He was soon 'whooshed' off to bed in the middle of the day, by Mum for 'messing around'! Come to think of it....I don't suppose anyone asked us to do it in the first place.


Each year, Christmas provisions were bought in as if for a siege.
Brown paper sacks of earthy potatoes, nets of crisp, green Brussel sprouts that would last beyond New Year, boxes of sticky dates from far off lands, little wooden crates of Clementines with their shiny wax-like leaves still attached and an abundance of assorted, exotic nuts.

My Scottish Nanny, who  I could only describe as very large - less than 5ft tall, but all of 5ft across - once went up to the local Co-op to  buy in some bits and pieces.  Thankfully on this occasion we were also in tow to witness  a spectacular entrance by Nanny who swung the heavy glass door wider than necessary and turned over 2 enormous Hessian sacks of Brazil nuts that clattered noisily and sprawled like marbles across the tiled floor. Nanny looked for help, and we fell about laughing  until the  manager was summoned, assumed it had been the ' two wee rascals' and stood over both my brother and I until every single nut had been placed back in the sack. Nanny treated us to an ice-cream soda the cafe next door for not 'bletherin' to the  manager that she'd done it!

Special bottles of  adult' drink,  came with our Christmas order....The proverbial bottle of Harvey’s Bristol Cream Sherry, served in schooners for visitors and Warninks Advocaat – sublimely heavenly when mixed with lemonade to make a ‘snowball’. We youngsters thought it highly sophisticated to dip a Maraschino cherry on a cocktail stick into its egg- yolk yellow, foamy head.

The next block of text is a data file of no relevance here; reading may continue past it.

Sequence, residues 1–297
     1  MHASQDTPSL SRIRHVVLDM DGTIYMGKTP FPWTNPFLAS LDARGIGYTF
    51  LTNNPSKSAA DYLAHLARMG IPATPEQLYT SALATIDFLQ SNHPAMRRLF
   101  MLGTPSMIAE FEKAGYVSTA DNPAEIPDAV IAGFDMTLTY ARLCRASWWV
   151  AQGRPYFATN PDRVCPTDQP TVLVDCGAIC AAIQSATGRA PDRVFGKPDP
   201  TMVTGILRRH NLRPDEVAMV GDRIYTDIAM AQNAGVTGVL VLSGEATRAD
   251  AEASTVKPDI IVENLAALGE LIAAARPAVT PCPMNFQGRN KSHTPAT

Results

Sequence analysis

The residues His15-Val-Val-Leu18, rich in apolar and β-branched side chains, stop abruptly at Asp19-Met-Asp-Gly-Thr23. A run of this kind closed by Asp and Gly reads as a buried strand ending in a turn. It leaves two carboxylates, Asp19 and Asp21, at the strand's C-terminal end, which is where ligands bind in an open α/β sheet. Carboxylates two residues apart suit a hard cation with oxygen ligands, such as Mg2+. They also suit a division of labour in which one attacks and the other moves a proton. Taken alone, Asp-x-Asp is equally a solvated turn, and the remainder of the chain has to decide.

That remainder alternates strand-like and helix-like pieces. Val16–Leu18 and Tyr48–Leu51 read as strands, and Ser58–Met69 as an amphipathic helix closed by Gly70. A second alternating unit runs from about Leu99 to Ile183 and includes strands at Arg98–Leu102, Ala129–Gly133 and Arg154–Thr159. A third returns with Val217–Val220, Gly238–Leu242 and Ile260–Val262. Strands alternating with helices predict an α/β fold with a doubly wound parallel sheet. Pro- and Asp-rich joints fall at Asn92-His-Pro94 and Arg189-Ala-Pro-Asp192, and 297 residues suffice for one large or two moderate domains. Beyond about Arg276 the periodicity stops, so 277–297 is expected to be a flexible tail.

And then there were the sweets.
Turkish Delight, Black Magic, Milk Tray, sugar-covered almonds, chocolate coated brazil nuts, Cadbury’s selection boxes for the all the children and finally chocolate liqueurs – always an acquired taste. Incidentally they were always the last to be eaten.

Letters to Santa were written in earnest…
‘ I’ve been good this year. Please may I have a Post Office set, some sweets, a pair of fluffy slippers and a painting set,'

 Simple things, because life was simple then.
More often than not Santa obliged.
Christmas morning revealed well stuffed stockings on the end of our beds which were opened eagerly and the air was regularly punctuated with oohs , ahhs and shrieks of delight.

 Amongst the little hand-sized presents there was always a brand new shiny penny and an orange – a family tradition.